“For 8 months I was at home, I did not leave the house. When we’re at home we think of family, friends we left in Syria. It makes us really sad. The kindergarten is a nice place where children are loved. I feel that they are my children. And the teachers are very sweet. Together we are one, we work together.”

As a volunteer at the kindergarten, Safiyya receives a cash stipend for her help –  it’s her family’s only source of income.

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Ninety children go to the kindergarten; all of them have fled from Syria and many are traumatised by what they have been through. The Syrian women who work there have all been trained to look for and understand the signs of trauma in children. In addition, a qualified psychologist visits once a week to run sessions.

Despite all that’s happened Safiyya’s greatest hope is that they will return to Syria and her son will grow up there. She says:

‘Our lives were in Syria. We love Syria.’

Today marks the 3 year anniversary of the ongoing conflict in Syria.

We may feel powerless to help. We may feel there’s nothing we can do.

But maybe today, we could believe something different. Maybe today we could allow our reality to affect their reality. Maybe today we could believe our prayers make a difference.

Maybe, today we could pray together for this war-torn country and those affected. Maybe we could choose to stand #withsyria

Maybe today we could use our financial reality to give to projects like the kindergarten Saffiya works at.

This is one prayer from a Tearfund partner in Jordan providing preschool education and trauma care for Syrian children:

Bringing light to the dark places

Lord Jesus, you give sight to the blind, you heal the

crippled and you restore the dignity of the disenfranchised.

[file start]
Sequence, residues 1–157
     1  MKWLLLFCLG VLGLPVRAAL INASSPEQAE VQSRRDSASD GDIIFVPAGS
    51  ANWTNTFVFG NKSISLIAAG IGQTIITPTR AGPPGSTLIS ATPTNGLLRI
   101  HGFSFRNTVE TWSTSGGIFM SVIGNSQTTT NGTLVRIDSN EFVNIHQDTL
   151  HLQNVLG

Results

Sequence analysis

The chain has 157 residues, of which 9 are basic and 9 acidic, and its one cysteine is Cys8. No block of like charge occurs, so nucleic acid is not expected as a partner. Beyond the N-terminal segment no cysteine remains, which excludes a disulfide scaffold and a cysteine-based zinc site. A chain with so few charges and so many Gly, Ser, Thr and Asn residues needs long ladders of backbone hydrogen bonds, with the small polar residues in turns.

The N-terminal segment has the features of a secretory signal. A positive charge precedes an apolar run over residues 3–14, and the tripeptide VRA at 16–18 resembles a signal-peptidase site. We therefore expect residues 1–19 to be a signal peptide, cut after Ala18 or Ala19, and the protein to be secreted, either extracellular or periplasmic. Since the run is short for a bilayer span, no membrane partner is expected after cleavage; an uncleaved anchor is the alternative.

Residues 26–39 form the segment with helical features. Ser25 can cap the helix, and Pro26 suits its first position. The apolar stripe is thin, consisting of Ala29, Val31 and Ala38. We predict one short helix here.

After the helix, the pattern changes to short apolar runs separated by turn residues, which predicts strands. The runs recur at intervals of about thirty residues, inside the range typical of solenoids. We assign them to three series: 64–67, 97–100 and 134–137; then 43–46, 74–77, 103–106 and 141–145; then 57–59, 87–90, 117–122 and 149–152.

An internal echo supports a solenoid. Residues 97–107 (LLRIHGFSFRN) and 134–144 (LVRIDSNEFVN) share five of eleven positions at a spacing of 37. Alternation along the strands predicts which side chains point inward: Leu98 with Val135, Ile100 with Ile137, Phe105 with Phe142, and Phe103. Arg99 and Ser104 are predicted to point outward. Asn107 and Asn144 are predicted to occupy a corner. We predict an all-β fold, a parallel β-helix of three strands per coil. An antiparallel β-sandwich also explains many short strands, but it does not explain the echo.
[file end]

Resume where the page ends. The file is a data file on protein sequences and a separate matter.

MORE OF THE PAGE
Give us renewed vision and hope for the future and restore

the dignity of our Syrian brothers and sisters.

We beg for mercy for the many children who have

lost their fathers; for the many men who have been

tortured, beaten and maimed; for the many women

who have suffered from abuse; and for the many

more who continue to live in fear and shame.

Where there is fighting and fear, please bring peace.

Where there is hatred, please bring love and forgiveness.

Where there is death and hopelessness, please bring

the joy of your deliverance.

Lord, you are our only hope, our only Saviour.

Amen.

For more guidance on how to pray for Syria, or to financially contribute to the work of Tearfund in Syria please click on the Tearfund website here.

*Names have been changed at their request. For security and cultural reasons, there are no photos showing Safiyya’s face.

where Emeli Sande and I write a prayer for the church (me and you)

The first time I really appreciated Emeli Sande was during her incredible performance of “Abide with me” at the Opening Ceremony for the London 2012 Olympics. Since then, she’s been a welcome voice in my ear. In fact, her music has often been a channel for me to worship God. I guess I’m a believer that we can worship God through any songs  – “secular” as well as “Christian”, as long as we’re honouring God through them. One particular Emeli Sande song has become my running sound track, and in time it’s developed into a prayer.  As I’ve been running up and down the streets of Sheffield I’ve felt God speak to my heart through this song, and over time I’ve prayed this not only for me but for “us” – the wider church in general.

Here’s the song if it’s helpful to listen to it as you read….

So here goes….

“You’ve got the words to change a nation
But you’re biting your tongue
You’ve spent a life time stuck in silence
Afraid you’ll say something wrong
If no one ever hears it how we gonna learn your song?”